Cusco is a former Inca centre and current adventure activity centre in the Andes. Most people come for the trek to the old Inca site of Machu Picchu, which is why we wanted to avoid that site. Instead, we opted for a trek to Choquequirao -- at least as interesting and beautiful as MP, but it gets only about 80 to 100 tourists a day, versus 2000 for MP. It is recommended that you acclimatize for a day first, since Cusco itself is already at 3300m (11,000ft) altitude.
Folks, if you want to go on any of the treks or tours around here, don´t book them ahead of time. There are dozes of websites that advertise Choquequirao treks, all with prices ranging between $350 - $550. Upon arrival, the guy who booked us into a $35 hotel (which was just as good as the $200 hotel at Lima airport) quoted a special price of $235 for the trek. When walking around the village there are countless little tourist travel shops that have all the tours. You can´t miss them, because they´ll come right up to you on the sidewalk to sell their tours to you. Most places quoted $190 for the trek, so we got one to do it for $180 for us.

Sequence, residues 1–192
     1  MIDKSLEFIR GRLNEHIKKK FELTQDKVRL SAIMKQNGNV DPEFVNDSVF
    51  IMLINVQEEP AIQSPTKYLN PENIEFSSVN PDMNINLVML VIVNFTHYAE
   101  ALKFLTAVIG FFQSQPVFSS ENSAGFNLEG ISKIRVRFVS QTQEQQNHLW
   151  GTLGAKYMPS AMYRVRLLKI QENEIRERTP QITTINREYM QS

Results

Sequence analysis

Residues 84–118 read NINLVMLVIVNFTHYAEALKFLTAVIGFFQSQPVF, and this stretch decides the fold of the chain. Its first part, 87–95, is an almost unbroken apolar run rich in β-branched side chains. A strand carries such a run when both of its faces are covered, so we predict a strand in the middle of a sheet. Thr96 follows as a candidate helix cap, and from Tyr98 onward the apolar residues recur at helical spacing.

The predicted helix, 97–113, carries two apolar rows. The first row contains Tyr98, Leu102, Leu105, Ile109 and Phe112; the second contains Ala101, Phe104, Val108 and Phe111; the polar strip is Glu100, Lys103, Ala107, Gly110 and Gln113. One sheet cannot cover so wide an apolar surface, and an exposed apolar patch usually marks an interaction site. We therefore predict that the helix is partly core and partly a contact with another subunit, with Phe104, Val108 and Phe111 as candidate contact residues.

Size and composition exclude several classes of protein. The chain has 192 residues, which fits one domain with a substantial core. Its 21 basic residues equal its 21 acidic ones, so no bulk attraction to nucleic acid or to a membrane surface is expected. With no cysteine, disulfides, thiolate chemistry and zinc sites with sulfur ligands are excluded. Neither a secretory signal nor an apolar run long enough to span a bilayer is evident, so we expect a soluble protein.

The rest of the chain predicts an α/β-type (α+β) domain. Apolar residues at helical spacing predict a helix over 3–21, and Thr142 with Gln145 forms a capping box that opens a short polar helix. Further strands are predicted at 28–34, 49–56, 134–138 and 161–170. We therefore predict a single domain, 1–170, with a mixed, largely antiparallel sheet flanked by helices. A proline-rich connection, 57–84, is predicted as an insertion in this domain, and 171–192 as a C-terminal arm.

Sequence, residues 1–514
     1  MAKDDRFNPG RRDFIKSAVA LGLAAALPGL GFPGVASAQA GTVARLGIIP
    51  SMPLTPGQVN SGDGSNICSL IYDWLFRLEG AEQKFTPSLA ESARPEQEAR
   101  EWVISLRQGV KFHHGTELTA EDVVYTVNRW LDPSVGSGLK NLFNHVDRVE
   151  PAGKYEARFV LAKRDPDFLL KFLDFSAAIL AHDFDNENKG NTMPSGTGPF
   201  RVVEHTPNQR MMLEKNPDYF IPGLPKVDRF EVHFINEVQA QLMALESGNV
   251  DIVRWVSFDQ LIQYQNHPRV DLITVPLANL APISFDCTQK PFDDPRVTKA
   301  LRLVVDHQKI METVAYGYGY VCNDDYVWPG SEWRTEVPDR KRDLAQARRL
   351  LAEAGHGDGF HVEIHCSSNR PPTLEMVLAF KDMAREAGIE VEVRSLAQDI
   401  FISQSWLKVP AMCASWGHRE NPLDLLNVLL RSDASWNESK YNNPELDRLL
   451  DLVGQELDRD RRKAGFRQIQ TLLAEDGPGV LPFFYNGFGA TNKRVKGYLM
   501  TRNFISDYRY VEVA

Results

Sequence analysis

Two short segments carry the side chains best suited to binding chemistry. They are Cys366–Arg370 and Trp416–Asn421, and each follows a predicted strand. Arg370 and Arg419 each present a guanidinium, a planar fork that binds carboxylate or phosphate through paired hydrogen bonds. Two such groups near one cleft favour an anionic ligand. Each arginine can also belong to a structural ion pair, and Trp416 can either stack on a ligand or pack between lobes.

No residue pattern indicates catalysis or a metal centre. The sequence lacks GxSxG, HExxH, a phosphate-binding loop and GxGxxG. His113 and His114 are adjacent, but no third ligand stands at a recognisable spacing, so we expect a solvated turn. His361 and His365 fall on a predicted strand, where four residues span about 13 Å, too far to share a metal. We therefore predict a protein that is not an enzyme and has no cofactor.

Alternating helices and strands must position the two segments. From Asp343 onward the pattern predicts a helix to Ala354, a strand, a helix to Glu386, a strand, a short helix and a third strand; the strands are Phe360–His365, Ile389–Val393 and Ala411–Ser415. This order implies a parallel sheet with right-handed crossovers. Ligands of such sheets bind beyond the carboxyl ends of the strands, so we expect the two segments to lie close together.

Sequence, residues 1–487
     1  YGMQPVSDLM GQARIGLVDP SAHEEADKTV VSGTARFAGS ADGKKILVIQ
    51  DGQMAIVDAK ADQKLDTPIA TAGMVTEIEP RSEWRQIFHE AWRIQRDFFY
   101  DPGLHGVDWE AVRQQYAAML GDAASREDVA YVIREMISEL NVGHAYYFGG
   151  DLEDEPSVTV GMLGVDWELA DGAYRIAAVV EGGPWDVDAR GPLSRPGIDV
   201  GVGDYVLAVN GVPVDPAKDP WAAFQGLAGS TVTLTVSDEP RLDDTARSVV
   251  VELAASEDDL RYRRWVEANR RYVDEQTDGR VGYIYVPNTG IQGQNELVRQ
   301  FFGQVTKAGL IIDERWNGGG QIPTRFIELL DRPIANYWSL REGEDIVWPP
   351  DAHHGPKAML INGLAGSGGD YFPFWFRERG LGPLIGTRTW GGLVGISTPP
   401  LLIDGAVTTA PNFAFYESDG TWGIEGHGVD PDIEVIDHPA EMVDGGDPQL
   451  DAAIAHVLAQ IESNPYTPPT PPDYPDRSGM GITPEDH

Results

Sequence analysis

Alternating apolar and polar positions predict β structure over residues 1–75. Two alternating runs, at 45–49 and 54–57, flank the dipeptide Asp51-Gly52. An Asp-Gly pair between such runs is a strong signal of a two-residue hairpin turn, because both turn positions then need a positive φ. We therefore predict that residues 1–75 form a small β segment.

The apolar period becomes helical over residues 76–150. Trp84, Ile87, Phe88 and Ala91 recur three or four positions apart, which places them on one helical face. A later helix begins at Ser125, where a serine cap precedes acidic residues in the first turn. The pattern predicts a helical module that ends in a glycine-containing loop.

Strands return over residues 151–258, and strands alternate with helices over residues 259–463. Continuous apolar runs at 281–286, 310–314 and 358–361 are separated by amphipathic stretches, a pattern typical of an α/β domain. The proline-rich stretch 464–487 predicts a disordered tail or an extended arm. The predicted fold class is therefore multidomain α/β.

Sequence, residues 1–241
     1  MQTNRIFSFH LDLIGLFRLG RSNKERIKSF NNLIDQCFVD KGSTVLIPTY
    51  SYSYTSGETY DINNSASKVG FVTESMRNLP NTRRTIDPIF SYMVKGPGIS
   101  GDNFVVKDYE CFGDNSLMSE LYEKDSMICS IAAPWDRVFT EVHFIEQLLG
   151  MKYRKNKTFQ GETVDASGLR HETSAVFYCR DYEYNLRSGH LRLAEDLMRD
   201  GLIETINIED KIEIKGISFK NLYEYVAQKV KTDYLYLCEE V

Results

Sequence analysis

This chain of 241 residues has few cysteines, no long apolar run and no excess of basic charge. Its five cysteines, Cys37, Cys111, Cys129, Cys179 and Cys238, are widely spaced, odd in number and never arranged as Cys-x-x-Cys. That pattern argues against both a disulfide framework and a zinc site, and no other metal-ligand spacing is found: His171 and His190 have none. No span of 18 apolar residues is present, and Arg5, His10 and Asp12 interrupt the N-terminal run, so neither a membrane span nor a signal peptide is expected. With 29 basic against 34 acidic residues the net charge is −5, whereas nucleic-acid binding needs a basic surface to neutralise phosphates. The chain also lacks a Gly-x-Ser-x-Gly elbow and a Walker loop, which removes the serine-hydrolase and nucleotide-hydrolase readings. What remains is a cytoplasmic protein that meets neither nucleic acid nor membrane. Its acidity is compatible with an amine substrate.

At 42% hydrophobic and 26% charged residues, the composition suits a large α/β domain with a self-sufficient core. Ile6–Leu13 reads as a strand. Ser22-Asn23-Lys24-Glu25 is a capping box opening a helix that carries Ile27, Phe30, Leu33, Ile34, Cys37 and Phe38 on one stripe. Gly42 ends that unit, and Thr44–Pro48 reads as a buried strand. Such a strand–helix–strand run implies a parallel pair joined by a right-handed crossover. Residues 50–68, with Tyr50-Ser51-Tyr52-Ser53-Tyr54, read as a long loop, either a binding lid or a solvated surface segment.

Local economy has it that a quoted price in dollars can be paid either with credit card, in which case they add 8% (our tour operator figured that $180 + 8% = $212, and later $195.54 -- sometimes that math education does come in handy), or in Peruvian Nuevo Sols, in which case they charge a rate of 3 Sols per dollar; the actual bank rate is about 2.7. Some places also let you pay in dollars directly, but if a dollar bill is slightly torn then they won´t accept it.
While walking around we also noticed that most places advertise a host of other activities, from rafting to bungee jumping -- and also mountain bike tours. Since we were going to acclimatize for a whole day before starting the Choquequirao trek, we thought it would be fun to take a bike tour. After all, they say you have to avoid strenuous exercise while you acclimatize. So we´re going on a mountain bike tour of three sites.
Other things to note in Cusco: The local dialect apparently replaces a P or T at the end of a word with an F. The bike trail goes ¨uf¨ quite a bit, and we might want to bring a ¨raincoaf¨. I heard them do it in Spanish as well. Also, besides adventure tours there is an additional industry in Cusco: massages. I was offered a 1 hour massage for 20 Soles numerous times. That´s $7 (or 5 Euros), folks! I think I may need one after the bike tour...